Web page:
Verizon, China Telecom, Huawei, others team at ETSI to research AI in networks

artificial_intelligence

Verizon, China Telecom and Huawei are among the companies in the ETSI standards association that voted to create a new “Industry Specification Group” that will explore how artificial intelligence might be used to improve the deployment and operation of telecom networks.

Specifically, ETSI announced the elections of a chair and vice-chair for its new Industry Specification Group on “Experiential Networked Intelligence" (ISG ENI).

“The purpose of the group is to define a Context Aware System using Artificial Intelligence (AI) based on the ‘observe-orient-decide-act’ control model,” ETSI said on its website. “This enables the system to adjust offered services based on changes in user needs, environmental conditions and business goals.”

The group will “improve operators' experience regarding network deployment and operation, by using AI techniques,” Huawei’s Raymond Forbes said on ETSI’s site. Forbes is the chairman of the new group.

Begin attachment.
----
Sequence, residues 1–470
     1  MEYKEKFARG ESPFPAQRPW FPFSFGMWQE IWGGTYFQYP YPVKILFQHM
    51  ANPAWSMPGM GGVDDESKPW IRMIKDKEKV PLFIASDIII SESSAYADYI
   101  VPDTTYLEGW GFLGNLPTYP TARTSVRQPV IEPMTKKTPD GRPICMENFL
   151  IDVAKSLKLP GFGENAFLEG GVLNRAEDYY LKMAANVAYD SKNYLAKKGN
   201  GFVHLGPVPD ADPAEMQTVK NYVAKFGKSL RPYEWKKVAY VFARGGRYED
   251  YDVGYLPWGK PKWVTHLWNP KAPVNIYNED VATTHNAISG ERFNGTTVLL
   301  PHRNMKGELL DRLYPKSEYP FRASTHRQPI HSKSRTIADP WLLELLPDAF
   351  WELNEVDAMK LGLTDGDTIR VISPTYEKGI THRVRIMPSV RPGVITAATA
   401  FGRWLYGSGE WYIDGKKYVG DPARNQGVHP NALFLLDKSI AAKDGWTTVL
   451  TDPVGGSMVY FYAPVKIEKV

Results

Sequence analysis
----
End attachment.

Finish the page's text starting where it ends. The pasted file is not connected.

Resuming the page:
"By introducing technologies such as SDN, NFV or network slicing, the network becomes more flexible and powerful,” added China Telecom’s Haining Wang, the group’s vice-chair. “Nevertheless, the complexity of the future network is not reduced, but transferred from hardware to software, from the network itself to management and operation, from equipment to people. Experiential Networked Intelligence is expected to help operators to solve these problems.”

The group said it would work on the topic with other standards organizations including IETF, MEF, 3GPP and others.

Aside from Verizon, China Telecom and Huawei, other members of the ETSI’s artificial intelligence group include the China Academy of Telecommunications Research of MIIT, the Interdisciplinary Centre for Security, the Reliability and Trust/University of Luxembourg, PT Portugal, Samsung R&D Institute, Wings ICT Solutions and Xilinx.

ETSI, or the European Telecommunications Standards Institute, creates a variety of standards for fixed, mobile and internet communications.

This isn’t the first time artificial intelligence has been discussed in the realm of telecommunications. For example, AT&T’s Brian Daly said last year the carrier is experimenting with AI to make its processes more efficient. And Verizon earlier this year said its “Exponent” initiative will include big data and AI to help carriers monetize troves of data through the application of advanced machine learning techniques and deep analytics. Indeed, SoftBank’s Masayoshi Son said earlier this year that the “singularity”—the idea that the invention of artificial superintelligence will trigger massive technological growth and cultural change—will happen in the next handful of years.